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Why Is My Dog’s Throat Swollen? 7 Common Vet-Reviewed Causes

Written by: Kit Copson

Last Updated on July 10, 2024 by Dogster Team

little foxy dog with mouth open

Why Is My Dog’s Throat Swollen? 7 Common Vet-Reviewed Causes

VET APPROVED

Dr. Ashley Darby Photo

REVIEWED & FACT-CHECKED BY

Dr. Ashley Darby

BVSc (Veterinarian)

The information is current and up-to-date in accordance with the latest veterinarian research.

Learn more »

If your dog’s throat is red and swollen or they’re having difficulty swallowing, the most important thing to do is get them checked out by a vet. A visible swelling around the neck can also be due to issues outside the throat. Swelling in dogs can be caused by several things including—but not limited to—infections, allergies, and foreign objects, all of which can cause serious problems if left untreated.

In this guide, we’ll share some potential causes of a swollen throat in dogs and giveaway signs to look for.

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The 7 Common Causes of Swollen Throat in Dogs

Pharyngitis is the term used to describe throat inflammation as a result of viral or bacterial infection, but there can be other causes. Signs of pharyngitis include a red and swollen throat, difficulty swallowing, a dry cough, noise in the upper respiratory tract, nasal discharge, hoarse bark, drooling, white mucus on the throat, and lack of appetite.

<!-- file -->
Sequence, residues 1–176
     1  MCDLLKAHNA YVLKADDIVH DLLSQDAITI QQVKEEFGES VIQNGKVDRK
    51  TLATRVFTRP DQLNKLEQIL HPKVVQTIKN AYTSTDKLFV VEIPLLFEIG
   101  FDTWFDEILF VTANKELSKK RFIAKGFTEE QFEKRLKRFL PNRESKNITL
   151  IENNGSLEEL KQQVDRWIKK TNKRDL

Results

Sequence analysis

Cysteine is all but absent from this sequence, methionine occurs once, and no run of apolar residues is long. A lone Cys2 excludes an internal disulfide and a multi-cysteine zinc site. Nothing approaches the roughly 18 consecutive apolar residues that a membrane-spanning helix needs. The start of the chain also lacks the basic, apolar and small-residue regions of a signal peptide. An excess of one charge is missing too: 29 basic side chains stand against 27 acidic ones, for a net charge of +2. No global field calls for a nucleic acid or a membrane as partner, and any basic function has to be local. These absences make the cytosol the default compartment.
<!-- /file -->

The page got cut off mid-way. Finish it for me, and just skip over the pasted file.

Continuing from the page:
Since there are so many potential causes of throat swelling in dogs, we’ve broken this down to address the ones that came up most over the course of our research. There may be more causes than those mentioned here, which is why it’s essential to check with a vet.

1. Kennel Cough

Kennel cough—or infectious tracheobronchitis—is an upper respiratory condition caused by a viral or bacterial infection. Bordetella bronchiseptica is often the bacteria behind the infection, but the canine influenza and parainfluenza virus as well as the adenovirus type-2 can also be to blame among other viruses.

The seriousness level of kennel cough can range from mild to severe, though luckily, severe infections aren’t that common, especially in healthy dogs. Puppies and geriatric dogs are more susceptible to severe illness and secondary problems from kennel cough.

A sore throat can occur as a result of a persistent hacking cough, which is also sometimes described as a “honking” sound. Other signs include gagging, retching, wheezing, and a cough being triggered when you stroke the windpipe.

longhaired Dachshund dog coughing
Image Credit: Eric Isselee, Shutterstock

2. Tonsillitis

Though tonsillitis is often thought of as a human ailment, dogs can get it, too, though this happens rarely. Smaller breeds are more likely to get it than larger breeds, and brachycephalic dogs like French Bulldogs may experience chronic tonsillitis.

Tonsillitis is typically secondary to another condition like a lung, nose, upper throat, or other airway disorder. Bacteria or foreign material lodge in the tonsils causing inflammation. Enlarged tonsils can cause the dog to gag and have difficulty swallowing. Lip-licking and lowered appetite due to discomfort are also signs of tonsillitis. Your vet will need to diagnose the infection or condition causing tonsillitis to find the best course of treatment.